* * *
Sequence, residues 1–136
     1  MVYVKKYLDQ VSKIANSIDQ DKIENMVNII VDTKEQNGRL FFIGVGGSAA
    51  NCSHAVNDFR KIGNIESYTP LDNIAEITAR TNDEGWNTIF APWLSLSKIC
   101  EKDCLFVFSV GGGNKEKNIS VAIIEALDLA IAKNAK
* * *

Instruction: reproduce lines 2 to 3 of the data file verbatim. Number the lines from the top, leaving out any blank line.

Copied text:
     1  MVYVKKYLDQ VSKIANSIDQ DKIENMVNII VDTKEQNGRL FFIGVGGSAA
    51  NCSHAVNDFR KIGNIESYTP LDNIAEITAR TNDEGWNTIF APWLSLSKIC